Season 2, Episode 7: "Video Games"
After the solo Hannah episode two weeks back and last Sunday's focus on Ray and Adam, once again "Girls" is allowing its focus to flesh out a particular character, with Jessa (Jemima Kirke) getting the spotlight. The episode kicks off with her and Hannah (Lena Dunham) at the Manitou train station, about an hour outside of New York City, where they're awaiting Jessa's father and a weekend out in the country, in an episode that seems to ultimately serve as a goodbye to the character for a while.
Though Jessa has made no secret of her colorful past -- a lot of it revealed during her infamous dinner with ex-husband Thomas-John's parents -- we've never seen her parents until now. And as we quickly learn, the relationship has been distant, with Jessa taking an accidental text from her father as an overly optimistic sign that there is something left to salvage. And the first sight of her dad, played by Ben Mendelsohn, explains a lot about who he is and how he shaped Jessa's life. Pulling up (late) to pick them up, he arrives in a station wagon filled with old computers. Why? He doesn't want people reading his old ideas. And oh yeah, all Camry drives are cunts too, at least according to him.
Jessa's father shares her eccentric streak, also coupled with an undeniable intelligence. "We're not like other people," he reminds Jessa when discussing her failed marriage, and she can't help but concede that point. But her father's new girlfriend Petula (a pretty great Rosanna Arquette) couldn't be more different, a tree-hugging, Jefferson Starship t-shirt wearing, Earth-loving hippie...who also believes that everything we see around us is part of a giant video game simulation, and that we have to keep fighting to get to "the next level." Quirky parents in a largely quirky episode that has the same expansive stretch as the Hannah-centered episode five, "One Man's Trash," but without a similar emotional payoff.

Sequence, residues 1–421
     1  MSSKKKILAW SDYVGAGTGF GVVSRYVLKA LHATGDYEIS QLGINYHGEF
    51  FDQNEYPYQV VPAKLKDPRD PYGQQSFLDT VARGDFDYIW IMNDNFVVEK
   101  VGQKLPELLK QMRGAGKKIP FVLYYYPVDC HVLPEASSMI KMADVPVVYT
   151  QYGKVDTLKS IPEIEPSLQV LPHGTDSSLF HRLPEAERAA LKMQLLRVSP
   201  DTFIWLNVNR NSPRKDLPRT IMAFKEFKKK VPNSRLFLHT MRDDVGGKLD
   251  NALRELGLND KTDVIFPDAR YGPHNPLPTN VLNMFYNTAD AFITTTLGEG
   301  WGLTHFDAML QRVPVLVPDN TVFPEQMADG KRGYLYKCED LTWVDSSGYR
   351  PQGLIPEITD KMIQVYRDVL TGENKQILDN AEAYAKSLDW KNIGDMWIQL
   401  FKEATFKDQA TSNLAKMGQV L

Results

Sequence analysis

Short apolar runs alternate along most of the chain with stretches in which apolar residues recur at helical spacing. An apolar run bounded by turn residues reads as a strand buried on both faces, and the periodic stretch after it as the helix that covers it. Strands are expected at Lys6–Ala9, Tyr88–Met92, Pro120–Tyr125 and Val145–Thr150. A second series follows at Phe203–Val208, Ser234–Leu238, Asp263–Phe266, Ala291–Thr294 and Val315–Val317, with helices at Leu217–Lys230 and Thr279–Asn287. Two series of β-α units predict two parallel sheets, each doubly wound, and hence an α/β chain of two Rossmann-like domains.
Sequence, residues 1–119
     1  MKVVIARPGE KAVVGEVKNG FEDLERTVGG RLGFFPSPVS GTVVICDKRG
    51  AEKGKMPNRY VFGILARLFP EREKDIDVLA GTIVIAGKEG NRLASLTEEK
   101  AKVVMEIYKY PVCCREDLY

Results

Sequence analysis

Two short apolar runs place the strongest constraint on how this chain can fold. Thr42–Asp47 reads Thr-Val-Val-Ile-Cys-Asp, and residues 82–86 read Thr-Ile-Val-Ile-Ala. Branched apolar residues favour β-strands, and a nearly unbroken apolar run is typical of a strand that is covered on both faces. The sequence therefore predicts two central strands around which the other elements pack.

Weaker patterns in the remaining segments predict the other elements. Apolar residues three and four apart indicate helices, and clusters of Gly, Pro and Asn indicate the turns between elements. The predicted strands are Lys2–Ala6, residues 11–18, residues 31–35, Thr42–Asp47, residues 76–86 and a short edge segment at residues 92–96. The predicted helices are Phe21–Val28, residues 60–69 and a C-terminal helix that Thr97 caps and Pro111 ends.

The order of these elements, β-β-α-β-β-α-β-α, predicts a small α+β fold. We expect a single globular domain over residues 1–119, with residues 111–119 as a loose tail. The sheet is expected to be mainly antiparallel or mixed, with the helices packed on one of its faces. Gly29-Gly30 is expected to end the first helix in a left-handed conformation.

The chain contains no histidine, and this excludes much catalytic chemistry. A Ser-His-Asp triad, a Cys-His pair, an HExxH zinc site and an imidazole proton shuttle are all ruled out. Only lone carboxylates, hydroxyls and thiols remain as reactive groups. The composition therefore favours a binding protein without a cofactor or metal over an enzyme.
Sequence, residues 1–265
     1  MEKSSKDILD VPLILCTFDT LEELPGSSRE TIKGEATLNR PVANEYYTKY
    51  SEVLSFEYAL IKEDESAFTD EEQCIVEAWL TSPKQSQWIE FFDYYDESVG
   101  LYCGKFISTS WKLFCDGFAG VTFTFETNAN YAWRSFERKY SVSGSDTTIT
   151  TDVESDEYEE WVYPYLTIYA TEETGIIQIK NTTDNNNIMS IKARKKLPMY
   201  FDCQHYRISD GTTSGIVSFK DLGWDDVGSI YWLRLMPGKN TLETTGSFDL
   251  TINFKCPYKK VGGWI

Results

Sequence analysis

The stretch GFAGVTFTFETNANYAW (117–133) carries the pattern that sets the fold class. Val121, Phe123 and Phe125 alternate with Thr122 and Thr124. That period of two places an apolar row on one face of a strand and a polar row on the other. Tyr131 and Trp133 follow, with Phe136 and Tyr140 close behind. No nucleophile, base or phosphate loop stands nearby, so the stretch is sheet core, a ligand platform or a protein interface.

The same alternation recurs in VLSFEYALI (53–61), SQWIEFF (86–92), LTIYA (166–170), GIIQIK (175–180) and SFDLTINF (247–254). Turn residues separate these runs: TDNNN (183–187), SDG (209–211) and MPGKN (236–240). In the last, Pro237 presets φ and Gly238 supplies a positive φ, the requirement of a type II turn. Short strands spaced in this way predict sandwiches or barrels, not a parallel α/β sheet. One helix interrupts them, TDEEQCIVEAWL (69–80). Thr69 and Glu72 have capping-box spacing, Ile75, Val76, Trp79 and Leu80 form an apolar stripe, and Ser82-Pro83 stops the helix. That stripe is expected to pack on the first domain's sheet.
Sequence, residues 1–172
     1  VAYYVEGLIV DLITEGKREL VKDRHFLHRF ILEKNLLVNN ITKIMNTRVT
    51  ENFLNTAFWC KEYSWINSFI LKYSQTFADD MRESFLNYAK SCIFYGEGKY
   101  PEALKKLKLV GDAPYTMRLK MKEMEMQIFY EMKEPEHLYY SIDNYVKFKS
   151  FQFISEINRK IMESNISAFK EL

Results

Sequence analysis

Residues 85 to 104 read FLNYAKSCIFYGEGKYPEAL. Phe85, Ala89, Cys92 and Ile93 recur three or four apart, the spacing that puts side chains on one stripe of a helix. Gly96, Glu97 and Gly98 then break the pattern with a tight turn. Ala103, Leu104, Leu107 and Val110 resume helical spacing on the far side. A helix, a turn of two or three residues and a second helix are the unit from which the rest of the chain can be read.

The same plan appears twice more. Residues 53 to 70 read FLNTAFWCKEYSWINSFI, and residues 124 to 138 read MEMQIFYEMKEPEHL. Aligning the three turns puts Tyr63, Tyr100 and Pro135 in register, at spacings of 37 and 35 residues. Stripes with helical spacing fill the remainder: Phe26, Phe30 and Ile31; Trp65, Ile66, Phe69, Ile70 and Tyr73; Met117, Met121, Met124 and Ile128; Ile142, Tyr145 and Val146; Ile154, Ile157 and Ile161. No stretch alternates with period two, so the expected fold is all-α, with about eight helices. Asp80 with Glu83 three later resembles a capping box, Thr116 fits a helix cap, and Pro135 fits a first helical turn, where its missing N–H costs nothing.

The two girls get into their own fair share of adventures. They join Petula's son Frank and his friend Tyler for a night of speeding around the countryside in a convertible, doing whippets. Hannah promptly freaks when things take a turn for the dangerous, with Tyler driving as Jessa covers her eyes. She storms out of the car into a graveyard, where Frank comes to retrieve her and the two have the most awkward, short lived sexual encounter you can imagine. As Hannah tells Frank the next morning (learning that she was his second), "That wasn't sex. You came in my thigh crease."
But really, "Video Games" is here to cement Jessa's uneven past, and her difficulty reconciling with a father who has routinely let her down. Noting that he often disappeared for months on end, was never available to talk when Jessa went through hard times with her mother, her father counters by asking her when he has ever been able to rely on her. "I shouldn't have to, I'm the child," she cries. But we learn our behaviors, for better or worse, from our parents, and when Jessa's father once again lets her down, failing to pick her and Hannah up from the grocery store after promising to make her favorite bangers and mash for dinner, Jessa promptly disappears, leaving Hannah a note: "See you around my love."
It's sad to see Jessa go, and also somewhat abrupt. She's an utterly fascinating character, but it also seems that for now her arc has run its course. Her exit seems to indicate an extended absence, which isn't surprising since the actress was pregnant during the shooting of second season, but we do hope she finds her way back to the show soon. And her departure is done in such a way that it allows the writers a lot freedom to write her back in. Meanwhile, Dunham bookends the show with shots of her peeing, painfully, as Hannah has a UTI. It's more of the awkward, funny oversharing that has become the show's stock in trade, and with brief cameos from Peter Scolari and Becky Ann Baker, it looks like next week could see "Girls" returning to its first season flavor. [B-]
Songs featured in this episode: Flamin' Groovies "Laurie Did It"; Moby Grape "It's A Beautiful Day Today"; Nickelback "S.E.X."; Rilo Kiley "Silver Lining"; Aimee Mann "How Am I Different"